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this will lead us down to the coming of CHRIST, the MESSIAH, who is here in the prophecy, predicted to come at the end of the said sixty-two weeks. For, the words of the prophecy are," From the going forth of the commandment, to restore and to build Jerusalem unto the MESSIAH the Prince, shall be seven weeks, and threescore and two weeks;" that is, there shall be seven weeks for the completing and finishing of the work for which that commandment, or decree, was granted, and from thence, sixty-two weeks more to the coming of CHRIST, the MESSIAH, here intended, that is, to the time of his first appearance on the ministry of the Gospel, A. D. 26. For his coming here predicted, must be interpreted, either of his coming at his birth, or of his coming on his ministry. No one saith it of the former, neither will the term of years predicted of it ever meet there: and, therefore, it must be understood of the latter, that is, his coming and first appearing in his ministry; and here, the years predicted in the prophecy, will exactly find it; for the seventh year of Artaxerxes Longimanus, from whence these weeks do begin, B. C. 458, being coincident with the of the Julian period 4256, if we reckon from thence seven weeks, and sixty-two weeks, that is sixty-nine weeks, or, 483. years, this will lead us down to the year of the Julian period 4739, which was the very year in which the ministry of the Gospel first began, A. D. 26. This, CHRIST executed at first, and therein made his appearance as the MESSIAH, by his forerunner, John the Baptist, for the space of three years and an half; and, after that, by himself, in his own person, for three years and an half more. And these two being put together, make up the last week of this prophecy, which began exactly at the ending of the said sixty-two weeks. And, therefore, here the prophecy concerning the coming of the MESSIAH had its completion. St. Luke tells us, (ch. iii. 1, 2,)" The word of God first came to John, in the fifteenth year of Tiberius Caesar," Emperor of Rome. And from the coming of that word to John, and his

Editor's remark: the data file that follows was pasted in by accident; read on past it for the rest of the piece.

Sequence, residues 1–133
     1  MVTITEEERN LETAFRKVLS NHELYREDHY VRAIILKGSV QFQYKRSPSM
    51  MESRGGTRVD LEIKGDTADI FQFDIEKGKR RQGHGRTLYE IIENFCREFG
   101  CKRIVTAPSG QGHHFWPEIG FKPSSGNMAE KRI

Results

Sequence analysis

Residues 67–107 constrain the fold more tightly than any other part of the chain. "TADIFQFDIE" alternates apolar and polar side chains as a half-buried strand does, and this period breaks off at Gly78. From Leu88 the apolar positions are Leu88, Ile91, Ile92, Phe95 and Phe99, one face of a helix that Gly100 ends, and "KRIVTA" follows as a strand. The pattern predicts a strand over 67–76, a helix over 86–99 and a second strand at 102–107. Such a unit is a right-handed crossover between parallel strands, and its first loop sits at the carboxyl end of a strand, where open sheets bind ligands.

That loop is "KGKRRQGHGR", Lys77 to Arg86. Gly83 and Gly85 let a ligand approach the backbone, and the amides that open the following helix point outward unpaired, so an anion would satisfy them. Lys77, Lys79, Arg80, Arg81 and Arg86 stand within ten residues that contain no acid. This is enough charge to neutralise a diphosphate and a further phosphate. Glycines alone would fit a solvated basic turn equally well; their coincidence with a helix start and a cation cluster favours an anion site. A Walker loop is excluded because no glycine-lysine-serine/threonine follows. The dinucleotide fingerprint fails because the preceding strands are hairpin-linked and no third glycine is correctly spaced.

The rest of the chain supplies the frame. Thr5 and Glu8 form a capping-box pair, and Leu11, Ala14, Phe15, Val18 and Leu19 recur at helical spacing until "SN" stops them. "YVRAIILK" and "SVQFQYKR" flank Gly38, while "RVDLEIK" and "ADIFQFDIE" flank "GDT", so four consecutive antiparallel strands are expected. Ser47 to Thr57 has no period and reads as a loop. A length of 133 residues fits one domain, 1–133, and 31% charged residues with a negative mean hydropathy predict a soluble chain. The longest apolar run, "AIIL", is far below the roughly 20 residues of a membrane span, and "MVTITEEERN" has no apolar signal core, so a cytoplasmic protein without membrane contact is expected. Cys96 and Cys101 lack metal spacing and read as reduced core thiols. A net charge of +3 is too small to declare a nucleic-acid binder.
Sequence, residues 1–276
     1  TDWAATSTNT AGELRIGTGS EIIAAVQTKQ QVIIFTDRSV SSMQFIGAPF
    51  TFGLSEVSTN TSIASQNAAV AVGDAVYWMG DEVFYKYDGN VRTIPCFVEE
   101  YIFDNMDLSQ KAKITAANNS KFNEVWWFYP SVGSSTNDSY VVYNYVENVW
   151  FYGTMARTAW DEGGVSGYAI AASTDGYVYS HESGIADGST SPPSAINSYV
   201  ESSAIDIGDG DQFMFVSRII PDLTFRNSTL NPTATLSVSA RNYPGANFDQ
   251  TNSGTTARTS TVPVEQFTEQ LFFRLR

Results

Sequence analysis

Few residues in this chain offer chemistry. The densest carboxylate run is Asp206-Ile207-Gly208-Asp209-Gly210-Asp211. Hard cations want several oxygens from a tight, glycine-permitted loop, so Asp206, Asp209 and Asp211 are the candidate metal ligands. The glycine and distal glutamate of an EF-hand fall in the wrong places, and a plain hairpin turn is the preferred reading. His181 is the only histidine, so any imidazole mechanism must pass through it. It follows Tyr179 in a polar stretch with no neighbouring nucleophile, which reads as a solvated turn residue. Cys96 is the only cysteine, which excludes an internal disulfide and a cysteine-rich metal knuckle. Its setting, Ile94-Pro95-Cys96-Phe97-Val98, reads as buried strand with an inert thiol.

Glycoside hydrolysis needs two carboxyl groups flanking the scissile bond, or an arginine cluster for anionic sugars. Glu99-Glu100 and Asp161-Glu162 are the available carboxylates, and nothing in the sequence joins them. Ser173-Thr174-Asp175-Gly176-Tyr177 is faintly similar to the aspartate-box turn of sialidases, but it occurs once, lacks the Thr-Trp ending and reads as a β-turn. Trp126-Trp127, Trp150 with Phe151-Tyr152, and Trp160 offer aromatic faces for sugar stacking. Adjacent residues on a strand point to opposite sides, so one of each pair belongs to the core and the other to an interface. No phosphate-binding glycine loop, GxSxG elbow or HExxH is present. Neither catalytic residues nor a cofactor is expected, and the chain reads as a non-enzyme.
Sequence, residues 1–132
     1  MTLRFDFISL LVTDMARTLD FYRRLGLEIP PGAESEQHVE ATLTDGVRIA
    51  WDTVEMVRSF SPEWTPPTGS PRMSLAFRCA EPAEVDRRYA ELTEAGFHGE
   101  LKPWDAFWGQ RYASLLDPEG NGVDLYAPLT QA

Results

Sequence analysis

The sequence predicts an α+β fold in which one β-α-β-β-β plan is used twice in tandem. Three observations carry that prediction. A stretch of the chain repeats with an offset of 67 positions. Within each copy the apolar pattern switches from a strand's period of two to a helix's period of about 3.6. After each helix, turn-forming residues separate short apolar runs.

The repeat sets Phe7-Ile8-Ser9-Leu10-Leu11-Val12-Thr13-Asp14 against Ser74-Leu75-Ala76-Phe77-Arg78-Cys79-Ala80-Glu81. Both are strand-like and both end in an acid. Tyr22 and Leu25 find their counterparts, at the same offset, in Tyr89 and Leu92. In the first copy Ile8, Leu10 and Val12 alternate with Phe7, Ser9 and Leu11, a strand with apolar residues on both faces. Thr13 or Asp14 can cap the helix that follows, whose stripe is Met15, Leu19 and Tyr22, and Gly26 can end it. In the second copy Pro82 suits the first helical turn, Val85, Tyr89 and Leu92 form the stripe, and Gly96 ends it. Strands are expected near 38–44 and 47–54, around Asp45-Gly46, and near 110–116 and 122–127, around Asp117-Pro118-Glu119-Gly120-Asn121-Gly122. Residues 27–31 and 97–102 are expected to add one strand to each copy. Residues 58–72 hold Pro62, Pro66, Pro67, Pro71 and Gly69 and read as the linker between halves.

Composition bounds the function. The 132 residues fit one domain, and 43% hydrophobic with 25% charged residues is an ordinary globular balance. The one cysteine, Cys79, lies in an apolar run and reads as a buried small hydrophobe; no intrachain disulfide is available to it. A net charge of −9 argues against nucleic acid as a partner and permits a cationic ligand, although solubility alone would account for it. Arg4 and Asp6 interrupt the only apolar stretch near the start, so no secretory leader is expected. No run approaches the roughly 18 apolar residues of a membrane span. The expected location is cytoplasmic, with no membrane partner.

preaching of it to the Jews, (Mark i. 1.) was "the beginning of the Gospel of JESUS CHRIST," and the first appearance of his kingdom here on earth. And this, Christ himself tells us; for, his words are, (Luke xvi. 16.)" The law and the prophets were until John; since that, the kingdom of God is preached." That is, the Jewish economy, under the law and the prophets, lasted until the coming of John, and his preaching of the baptism of repentance for the remission of sins. But, from the time of his coming on this ministry, which was the ministry of the Gospel, the kingdom of the MESSIAH began. For, as in the Gospel of St. Matthew, by the kingdom of heaven, so here, by the kingdom of God, is meant the kingdom of the MESSIAN, the church of Christ, which he hath here established among us. And, therefore, this kingdom, thus beginning with the preaching of John, there must we necessarily place the first coming of that King, CHRIST OUR LORD, who founded this his kingdom here among us. And this was, as hath been said, in the 15th year of the reign of Tiberius Cæsar. But, here it is to be observed, that this 15th year of Tiberius, could not be his fifteenth year from the death of Augustus, his predecessor; for, then there would have been but four years for the ministry of John the Baptist, and the personal ministry of JESUS CHRIST put both together; which time would have been too narrow a space for the actings recorded of them in the Gospel. Besides, in so short a time as must be allowed to the ministry of John in this case, it is not likely that he could have acquired so great fame; as appears not only by the Gospels, (Matt. iii. and xiv. 5; and xxi. 26) but, also from the writing of Josephus, the historian, (Antiq. Lib. 18. v. 7,) that he had obtained, not only in Judea and Galilee but also through all the circumjacent reigions before his death. The 15th year, therefore, of the reign of Tiberius, (Luke iii. 1,) in which John the Baptist began to preach, must be reckoned from that time when he began to reign jointly with